How to Sound Like a Local When You Move to Birmingham

Even Alabama’s largest city can’t escape the slow southern drawl. It drapes over the city like the kudzu that consumes trees lining the highway.

While the Birmingham dialect doesn’t have nearly as much twang as other neighboring regions, the Magic City does have its share of peculiar sayings and pronunciations.  If you want to sound like a local in the ‘ham, then take note of the below.

“Call me, Alabama!”

This saying comes from Alexander Shunnarah, the personal injury attorney whose ubiquitous billboards line pretty much every single highway throughout Alabama. With headquarters in downtown Birmingham, Shunnarah has become somewhat of a mascot for the city. His wide grin blankets (what seems like) billions of billboards and his commercials play ‘round the clock on a handful of local radio stations. Embrace the Shunnarah. He’s here to stay and we proudly claim him.


Pronounced “Puh-zits,” Pizitz is a name you’ll see frequently throughout Birmingham. Louis Pizitz made the name known back in 1899 when he established Louis Pizitz Dry Good Co. The location eventually became the flagship department store for Birmingham. Today, the historic Pizitz Building is a food hall where locals can get a variety of cuisine and cocktails. There are also some pretty swanky apartments upstairs.

“Respect the Polygon.”

For Birmingham residents, a polygon is more than a geometric shape you learn about in Kindergarten. It’s what local meteorologist James Spann references when residents are in the path of an impending storm (thus, they are in “the polygon.”) If you ever find yourself in polygon territory, seek shelter immediately. Tornadoes are the real deal in Alabama and are not to be messed with.

Miss Fancy was once an elephant. Now she’s a beer.

Back in the day, Birmingham was bestowed with a giant circus creature — Miss Fancy, the elephant. She would impress onlookers at the now-defunct Avondale Zoo with her tricks and larger than life personality. Her only flaw was a stomach ailment, which could only be tempered by guzzling a beer or two. Unfortunately, this was back during prohibition, so Miss Fancy had to get her booze illegally. Thankfully, the city turned a blind eye and kept a special reserve of booze on hand for Miss Fancy. Today, her legacy lives on at Avondale Brewing Company through the Miss Fancy’s Tripel — a remarkably smooth and refreshing beer. But sip with caution. This beer is said to be brewed with an ABV that’s strong enough for an elephant…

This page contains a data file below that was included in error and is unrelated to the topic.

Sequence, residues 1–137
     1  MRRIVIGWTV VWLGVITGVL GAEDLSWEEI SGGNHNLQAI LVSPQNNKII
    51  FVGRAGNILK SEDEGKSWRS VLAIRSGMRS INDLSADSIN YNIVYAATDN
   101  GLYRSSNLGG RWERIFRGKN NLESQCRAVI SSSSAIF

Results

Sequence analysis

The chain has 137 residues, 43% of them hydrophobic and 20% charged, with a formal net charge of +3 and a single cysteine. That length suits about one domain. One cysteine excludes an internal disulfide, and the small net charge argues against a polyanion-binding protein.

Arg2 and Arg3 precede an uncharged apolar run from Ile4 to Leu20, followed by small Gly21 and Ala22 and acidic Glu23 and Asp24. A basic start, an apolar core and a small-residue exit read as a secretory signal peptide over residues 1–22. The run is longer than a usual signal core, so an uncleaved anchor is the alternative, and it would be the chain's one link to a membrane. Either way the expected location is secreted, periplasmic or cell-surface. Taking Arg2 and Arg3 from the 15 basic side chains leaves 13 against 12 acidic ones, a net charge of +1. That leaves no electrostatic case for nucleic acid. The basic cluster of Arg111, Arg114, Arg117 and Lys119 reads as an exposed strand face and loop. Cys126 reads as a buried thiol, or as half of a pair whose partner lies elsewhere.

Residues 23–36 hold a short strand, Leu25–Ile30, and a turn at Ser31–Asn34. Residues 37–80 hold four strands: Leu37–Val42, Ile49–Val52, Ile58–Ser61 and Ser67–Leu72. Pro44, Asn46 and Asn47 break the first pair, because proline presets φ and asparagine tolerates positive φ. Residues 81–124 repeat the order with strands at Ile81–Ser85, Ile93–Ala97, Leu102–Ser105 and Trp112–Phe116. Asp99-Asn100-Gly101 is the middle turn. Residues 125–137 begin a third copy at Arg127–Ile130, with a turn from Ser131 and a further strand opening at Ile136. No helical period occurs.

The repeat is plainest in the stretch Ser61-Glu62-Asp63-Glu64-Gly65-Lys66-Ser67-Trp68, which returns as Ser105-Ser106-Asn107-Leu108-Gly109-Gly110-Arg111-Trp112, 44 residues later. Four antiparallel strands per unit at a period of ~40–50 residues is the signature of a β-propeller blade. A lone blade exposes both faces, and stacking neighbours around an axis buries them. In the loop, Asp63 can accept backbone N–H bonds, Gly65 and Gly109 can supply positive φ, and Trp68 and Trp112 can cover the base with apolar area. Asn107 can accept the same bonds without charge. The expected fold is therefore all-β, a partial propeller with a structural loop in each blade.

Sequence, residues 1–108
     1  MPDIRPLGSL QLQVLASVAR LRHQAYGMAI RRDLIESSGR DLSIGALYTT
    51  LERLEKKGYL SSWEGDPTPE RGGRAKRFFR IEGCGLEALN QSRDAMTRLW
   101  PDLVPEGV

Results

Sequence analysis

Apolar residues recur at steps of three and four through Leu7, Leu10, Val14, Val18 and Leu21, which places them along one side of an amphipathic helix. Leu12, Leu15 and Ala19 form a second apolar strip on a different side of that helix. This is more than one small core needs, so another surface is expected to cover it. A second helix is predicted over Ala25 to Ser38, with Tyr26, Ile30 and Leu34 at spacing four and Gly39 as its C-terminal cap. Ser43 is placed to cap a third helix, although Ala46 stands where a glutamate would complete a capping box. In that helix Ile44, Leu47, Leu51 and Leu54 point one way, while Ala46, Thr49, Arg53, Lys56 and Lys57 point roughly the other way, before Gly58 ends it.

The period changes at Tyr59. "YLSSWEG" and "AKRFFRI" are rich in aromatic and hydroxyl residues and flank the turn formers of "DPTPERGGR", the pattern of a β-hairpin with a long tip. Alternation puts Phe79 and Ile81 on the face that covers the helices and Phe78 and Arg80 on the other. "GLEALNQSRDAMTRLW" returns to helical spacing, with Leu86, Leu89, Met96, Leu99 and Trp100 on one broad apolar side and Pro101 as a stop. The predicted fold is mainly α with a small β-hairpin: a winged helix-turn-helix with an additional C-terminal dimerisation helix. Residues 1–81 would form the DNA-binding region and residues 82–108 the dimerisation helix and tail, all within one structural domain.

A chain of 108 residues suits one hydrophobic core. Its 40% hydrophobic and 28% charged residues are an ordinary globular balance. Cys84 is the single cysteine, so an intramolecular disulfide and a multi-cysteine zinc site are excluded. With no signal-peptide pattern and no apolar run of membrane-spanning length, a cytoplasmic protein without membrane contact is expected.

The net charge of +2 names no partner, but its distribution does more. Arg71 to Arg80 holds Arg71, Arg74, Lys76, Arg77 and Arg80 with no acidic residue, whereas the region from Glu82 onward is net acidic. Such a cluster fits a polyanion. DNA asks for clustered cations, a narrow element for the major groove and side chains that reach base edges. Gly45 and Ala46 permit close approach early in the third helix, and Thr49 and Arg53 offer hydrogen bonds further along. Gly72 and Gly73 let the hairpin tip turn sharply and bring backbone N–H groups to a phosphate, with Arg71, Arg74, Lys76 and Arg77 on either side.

We speak in sayings.

We’re in the south, after all, and us southerners are as creative as our literary predecessors. You’ll likely hear a few “bless your hearts” and quirky sayings like “this traffic is slow as Christmas” around the Magic City. Make sure to read between the lines, though. We sometimes like to hide our scrutiny through seemingly heartfelt phrases. We have to maintain our reputation of southern hospitality. We can’t be outright rude. That’s not how Mama taught us. 

Sweet or unsweet?

Those are the only two ways to take your tea in Birmingham, and one is dead give away you aren’t from around here. Pull up a seat at Niki’s West, one of Birmingham’s most famous meat and threes, and get a tall glass of tea to beat the Alabama heat. (Real Southerners take it sweet.)

Wait, what is a “meat and three” ?

Oh you didn’t know? A meat and three is a southern tradition and refers to any restaurant where you can go to the counter and order a meat entree (meatloaf, fried chicken, pork chop) and pick any three side dishes to go with it.

It’s a hosepipe, not a watering hose.

What do you call a flexible tube meant to release water on plants or ornery children who complain about the summer heat? A hosepipe. Not a watering hose.

Go to church, or the devil will get you!

Birmingham is in the Bible belt. It’s hard to drive a few miles without seeing a steeple. If someone ever tells you to “go to church or the devil will get you,” don’t think they’re being judgy, however. They’re likely referencing the iconic sign that stands proud off Interstate 65. Erected decades ago by W.S. “Bill” Newell, the sign was toppled by a storm a few years back. Thanks to a public outcry for the sign to return, however, the billboard is up once again — reminding all motorists who pass that they need to be parked in a pew come Sunday morning.

Sarah Cook